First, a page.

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Painters with a good eye pay attention to the details that breathe life into their work, whether capturing the realistic intricacies of their subject or abstracting elements to convey a certain mood or idea. Their vision is not just about what is seen on the surface but about peeling back layers to reveal deeper truths or beauty.

Huxley and the Art of Seeing

Aldous Huxley, an English writer and philosopher best known for his writings on philosophy, consciousness, and utopian or dystopian society, offered significant insights into the act of seeing, particularly in his essay titled “The Art of Seeing.” In this work, Huxley discusses the often-overlooked distinction between the physiological ability to see and the active, mindful process involved in ‘truly seeing.’

In the book’s preface, Huxley recounts a severe bout of keratitis punctata at sixteen, leading to nearly total blindness for a year and a half. This episode, which resulted in a lasting impairment of his vision, profoundly influenced his ideas on sight and its importance, shaping his exploration of perception, the limitations and capabilities of sensory experience

Huxley’s main thesis in “The Art of Seeing” revolves around the concept of “attention” in the context of visual perception. He argues that most people take their sense of sight for granted, not fully utilizing their capacity to see.

According to Huxley, the quality of what we see is not solely dependent on the physical condition of our eyes but significantly influenced by our conscious effort to see clearly. He suggests that much like any other skill, the ability to see—truly see—can be improved with practice and awareness.

Here are a few key points from Huxley’s perspectives on seeing:

  • Sensing vs. Perceiving: Huxley makes a distinction between sensing (a passive act where images simply fall on the retina) and Perceiving (an active process of the mind in which attention is directed towards that which is seen). He suggests that many people look without seeing, missing out on the richness of visual experience available to them.
  • The Role of Mental Conditioning: He discusses how our perception is conditioned by our mental habits, past experiences, and memories which can limit or distort what we see. Huxley argues for the importance of unlearning these habits to enhance our capacity for seeing.
  • The Potential for Improvement: Much of “The Art of Seeing” is dedicated to the idea that people can improve their vision through exercises and techniques aimed at increasing visual awareness and reducing strain. This was influenced by his own experiences with the Bates Method, a system of vision improvement involving relaxation techniques and visual attention techniques.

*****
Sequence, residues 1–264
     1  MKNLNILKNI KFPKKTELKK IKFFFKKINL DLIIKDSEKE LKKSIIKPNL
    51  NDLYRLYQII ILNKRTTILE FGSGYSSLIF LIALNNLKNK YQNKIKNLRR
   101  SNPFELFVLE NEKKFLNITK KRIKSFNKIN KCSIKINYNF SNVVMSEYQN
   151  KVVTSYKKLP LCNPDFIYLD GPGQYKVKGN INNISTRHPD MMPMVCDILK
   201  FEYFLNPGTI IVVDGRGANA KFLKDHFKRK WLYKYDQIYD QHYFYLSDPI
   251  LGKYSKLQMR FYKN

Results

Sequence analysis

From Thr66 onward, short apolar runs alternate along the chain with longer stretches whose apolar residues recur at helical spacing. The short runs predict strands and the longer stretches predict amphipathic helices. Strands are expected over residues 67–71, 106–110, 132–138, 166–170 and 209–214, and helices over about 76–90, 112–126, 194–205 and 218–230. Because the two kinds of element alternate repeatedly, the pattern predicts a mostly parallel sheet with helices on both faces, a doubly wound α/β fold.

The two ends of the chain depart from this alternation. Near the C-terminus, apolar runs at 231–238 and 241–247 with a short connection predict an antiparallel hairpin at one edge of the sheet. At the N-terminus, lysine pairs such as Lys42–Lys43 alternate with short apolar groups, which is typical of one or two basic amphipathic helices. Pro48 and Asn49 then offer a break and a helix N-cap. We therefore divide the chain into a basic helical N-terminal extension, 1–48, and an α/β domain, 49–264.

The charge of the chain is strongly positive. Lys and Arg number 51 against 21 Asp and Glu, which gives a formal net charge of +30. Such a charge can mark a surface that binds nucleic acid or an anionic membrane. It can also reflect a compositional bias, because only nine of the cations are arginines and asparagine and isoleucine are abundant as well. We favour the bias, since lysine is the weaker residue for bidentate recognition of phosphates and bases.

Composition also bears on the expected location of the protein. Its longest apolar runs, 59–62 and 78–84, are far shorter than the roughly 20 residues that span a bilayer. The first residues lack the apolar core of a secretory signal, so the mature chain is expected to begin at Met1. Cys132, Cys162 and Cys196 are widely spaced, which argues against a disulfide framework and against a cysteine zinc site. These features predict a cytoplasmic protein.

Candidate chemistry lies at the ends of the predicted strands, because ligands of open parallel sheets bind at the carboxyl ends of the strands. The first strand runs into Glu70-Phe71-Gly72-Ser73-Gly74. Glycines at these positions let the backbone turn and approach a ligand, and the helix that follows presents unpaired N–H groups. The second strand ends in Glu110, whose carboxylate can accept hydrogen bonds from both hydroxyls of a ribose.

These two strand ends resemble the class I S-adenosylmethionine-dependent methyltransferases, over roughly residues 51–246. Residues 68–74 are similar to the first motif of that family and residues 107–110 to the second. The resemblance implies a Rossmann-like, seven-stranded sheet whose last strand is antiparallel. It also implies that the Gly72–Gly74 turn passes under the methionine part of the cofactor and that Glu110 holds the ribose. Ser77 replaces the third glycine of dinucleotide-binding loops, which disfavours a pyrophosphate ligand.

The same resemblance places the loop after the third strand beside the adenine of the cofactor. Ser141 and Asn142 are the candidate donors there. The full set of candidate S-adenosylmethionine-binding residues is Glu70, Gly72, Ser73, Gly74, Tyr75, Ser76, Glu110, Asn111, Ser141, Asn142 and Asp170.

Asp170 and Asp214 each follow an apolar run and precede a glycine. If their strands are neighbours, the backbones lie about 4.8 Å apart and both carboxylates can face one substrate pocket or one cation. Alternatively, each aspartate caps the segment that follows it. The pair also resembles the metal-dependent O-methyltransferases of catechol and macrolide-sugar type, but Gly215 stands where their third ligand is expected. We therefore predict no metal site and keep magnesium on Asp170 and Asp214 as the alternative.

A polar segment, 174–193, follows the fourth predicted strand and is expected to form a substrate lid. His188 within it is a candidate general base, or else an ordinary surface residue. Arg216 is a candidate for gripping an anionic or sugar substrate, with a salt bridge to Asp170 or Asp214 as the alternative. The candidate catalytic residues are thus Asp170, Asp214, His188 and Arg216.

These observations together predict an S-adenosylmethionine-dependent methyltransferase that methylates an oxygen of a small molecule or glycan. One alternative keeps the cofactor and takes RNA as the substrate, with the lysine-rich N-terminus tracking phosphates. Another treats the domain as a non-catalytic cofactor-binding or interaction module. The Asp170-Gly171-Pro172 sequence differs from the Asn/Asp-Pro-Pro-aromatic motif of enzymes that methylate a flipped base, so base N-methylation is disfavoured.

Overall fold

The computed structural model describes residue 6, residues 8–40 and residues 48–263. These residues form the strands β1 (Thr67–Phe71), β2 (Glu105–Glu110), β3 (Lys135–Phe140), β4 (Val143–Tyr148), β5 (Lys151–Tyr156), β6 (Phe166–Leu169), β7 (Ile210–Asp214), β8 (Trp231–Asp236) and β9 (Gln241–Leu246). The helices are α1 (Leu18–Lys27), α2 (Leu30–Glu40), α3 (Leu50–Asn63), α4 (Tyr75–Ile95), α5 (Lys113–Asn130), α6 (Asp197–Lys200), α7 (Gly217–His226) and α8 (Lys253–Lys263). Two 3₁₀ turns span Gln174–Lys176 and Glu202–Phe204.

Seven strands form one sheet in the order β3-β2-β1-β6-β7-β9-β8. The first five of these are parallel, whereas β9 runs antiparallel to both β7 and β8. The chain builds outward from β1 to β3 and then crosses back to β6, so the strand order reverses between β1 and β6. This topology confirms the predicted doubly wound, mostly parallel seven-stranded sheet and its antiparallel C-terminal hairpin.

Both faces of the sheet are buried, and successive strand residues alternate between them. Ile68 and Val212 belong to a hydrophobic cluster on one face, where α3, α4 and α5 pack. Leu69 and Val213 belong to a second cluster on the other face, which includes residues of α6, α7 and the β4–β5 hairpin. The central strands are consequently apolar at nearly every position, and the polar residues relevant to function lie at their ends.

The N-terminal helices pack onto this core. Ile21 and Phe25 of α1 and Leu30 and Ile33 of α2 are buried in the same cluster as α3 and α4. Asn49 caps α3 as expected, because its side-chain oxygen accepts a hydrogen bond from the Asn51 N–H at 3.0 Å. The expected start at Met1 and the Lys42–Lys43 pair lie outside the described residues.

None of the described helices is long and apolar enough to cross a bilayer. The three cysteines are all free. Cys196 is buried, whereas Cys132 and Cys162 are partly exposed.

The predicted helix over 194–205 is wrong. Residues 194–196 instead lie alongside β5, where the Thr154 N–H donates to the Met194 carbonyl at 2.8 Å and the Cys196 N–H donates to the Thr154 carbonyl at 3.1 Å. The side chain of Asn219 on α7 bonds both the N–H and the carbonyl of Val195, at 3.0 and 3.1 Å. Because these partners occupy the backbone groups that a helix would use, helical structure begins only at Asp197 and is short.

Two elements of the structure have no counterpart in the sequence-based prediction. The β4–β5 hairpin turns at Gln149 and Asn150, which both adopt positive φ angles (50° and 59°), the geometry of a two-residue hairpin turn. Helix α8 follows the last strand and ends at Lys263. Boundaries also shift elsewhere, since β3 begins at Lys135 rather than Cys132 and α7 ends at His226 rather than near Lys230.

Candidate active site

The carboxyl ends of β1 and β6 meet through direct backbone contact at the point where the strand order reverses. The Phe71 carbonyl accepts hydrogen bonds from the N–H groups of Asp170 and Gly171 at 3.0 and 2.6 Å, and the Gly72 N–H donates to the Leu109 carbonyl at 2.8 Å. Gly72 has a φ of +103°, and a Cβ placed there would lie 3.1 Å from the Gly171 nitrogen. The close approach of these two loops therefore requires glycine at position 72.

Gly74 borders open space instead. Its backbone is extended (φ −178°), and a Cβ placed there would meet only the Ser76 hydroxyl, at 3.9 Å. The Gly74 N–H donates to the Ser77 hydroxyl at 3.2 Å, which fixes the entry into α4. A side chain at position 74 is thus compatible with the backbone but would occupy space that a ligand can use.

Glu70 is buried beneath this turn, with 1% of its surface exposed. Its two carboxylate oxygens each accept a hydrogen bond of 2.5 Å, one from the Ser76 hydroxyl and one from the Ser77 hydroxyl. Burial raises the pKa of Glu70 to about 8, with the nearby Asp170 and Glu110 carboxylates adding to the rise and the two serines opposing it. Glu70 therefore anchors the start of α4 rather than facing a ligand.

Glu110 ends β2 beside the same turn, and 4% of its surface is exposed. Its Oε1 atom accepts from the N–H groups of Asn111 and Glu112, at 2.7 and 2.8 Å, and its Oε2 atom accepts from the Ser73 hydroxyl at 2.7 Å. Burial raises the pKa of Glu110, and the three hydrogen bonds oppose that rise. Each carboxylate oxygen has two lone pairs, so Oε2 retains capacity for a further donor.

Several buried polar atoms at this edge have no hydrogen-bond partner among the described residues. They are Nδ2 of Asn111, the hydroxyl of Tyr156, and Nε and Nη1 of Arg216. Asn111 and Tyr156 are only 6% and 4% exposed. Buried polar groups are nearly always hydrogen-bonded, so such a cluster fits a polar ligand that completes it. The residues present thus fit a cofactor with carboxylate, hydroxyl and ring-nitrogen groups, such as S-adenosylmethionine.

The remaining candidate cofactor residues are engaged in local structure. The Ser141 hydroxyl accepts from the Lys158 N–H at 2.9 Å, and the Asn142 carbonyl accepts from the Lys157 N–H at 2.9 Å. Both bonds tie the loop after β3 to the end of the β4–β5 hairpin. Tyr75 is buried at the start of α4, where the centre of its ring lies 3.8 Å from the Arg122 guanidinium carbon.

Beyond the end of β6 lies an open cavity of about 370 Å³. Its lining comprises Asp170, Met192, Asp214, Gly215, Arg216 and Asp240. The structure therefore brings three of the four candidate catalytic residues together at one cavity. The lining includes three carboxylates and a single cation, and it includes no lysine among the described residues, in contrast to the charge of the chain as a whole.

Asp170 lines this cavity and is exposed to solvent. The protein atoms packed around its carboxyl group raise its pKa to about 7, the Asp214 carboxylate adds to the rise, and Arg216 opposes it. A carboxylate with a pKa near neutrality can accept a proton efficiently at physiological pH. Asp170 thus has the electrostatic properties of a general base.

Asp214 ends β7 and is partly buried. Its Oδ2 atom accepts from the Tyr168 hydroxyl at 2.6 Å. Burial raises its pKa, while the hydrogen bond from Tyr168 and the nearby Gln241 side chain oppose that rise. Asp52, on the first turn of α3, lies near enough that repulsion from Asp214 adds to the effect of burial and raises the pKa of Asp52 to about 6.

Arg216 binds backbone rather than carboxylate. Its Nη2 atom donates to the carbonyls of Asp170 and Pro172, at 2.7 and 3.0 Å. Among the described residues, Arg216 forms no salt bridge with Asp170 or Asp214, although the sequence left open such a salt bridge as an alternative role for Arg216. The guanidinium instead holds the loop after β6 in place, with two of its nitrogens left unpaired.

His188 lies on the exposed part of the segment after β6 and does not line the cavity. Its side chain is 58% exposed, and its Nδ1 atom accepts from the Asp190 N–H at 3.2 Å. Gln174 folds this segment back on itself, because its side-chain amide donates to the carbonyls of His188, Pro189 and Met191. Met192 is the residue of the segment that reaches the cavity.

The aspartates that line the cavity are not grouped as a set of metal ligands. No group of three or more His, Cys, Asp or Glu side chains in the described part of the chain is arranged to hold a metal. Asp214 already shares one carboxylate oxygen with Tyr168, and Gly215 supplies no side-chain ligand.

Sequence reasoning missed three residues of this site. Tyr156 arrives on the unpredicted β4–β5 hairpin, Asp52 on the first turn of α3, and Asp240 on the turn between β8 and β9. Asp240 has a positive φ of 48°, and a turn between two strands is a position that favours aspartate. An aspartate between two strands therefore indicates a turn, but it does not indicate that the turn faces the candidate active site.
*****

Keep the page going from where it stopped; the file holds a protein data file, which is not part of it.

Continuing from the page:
• Philosophical and Practical Aspects of Seeing: While Huxley’s approach includes practical advice for improving vision, he also explores the philosophical implications of seeing more deeply. He reflects on how enhanced vision can lead to a greater appreciation of the world and a more profound understanding of life’s beauty and complexity.

“The Art of Seeing” is both a personal exploration of Huxley’s own experiences with vision and a broader philosophical treatise on the potential for human perception. His insights challenge readers to think about how actively engaging with what they see can transform their understanding of the world.

John Berger’s Ways of Seeing

The art of seeing is not only a question of how we see, but how we interpret what we see in the art world.

John Berger was an English art critic, novelist, painter, and poet, born in 1926 and passed away in 2017. He is perhaps best known for his influential book and BBC television series, both titled “Ways of Seeing,” which aired in 1972.

In “Ways of Seeing,” Berger revolutionized the way art is understood, moving beyond traditional aesthetics to explore how social, political, and historical contexts influence our perception of images and artworks.

Berger’s insights into “seeing” can be summarized through several key ideas:

  • The Social Construction of Seeing: Berger argues that the way we see things is affected by our social and cultural contexts. What we notice or ignore, the meanings we assign to what we see, are all influenced by societal norms and values, as well as by power relations within society.
  • The Influence of Reproduction on Art: With the advent of photography and mass media, artworks can be reproduced and seen in various contexts, separate from their original intent or setting. Berger suggests that this changes the way art is perceived and experienced, potentially altering its original meaning and reducing its aura.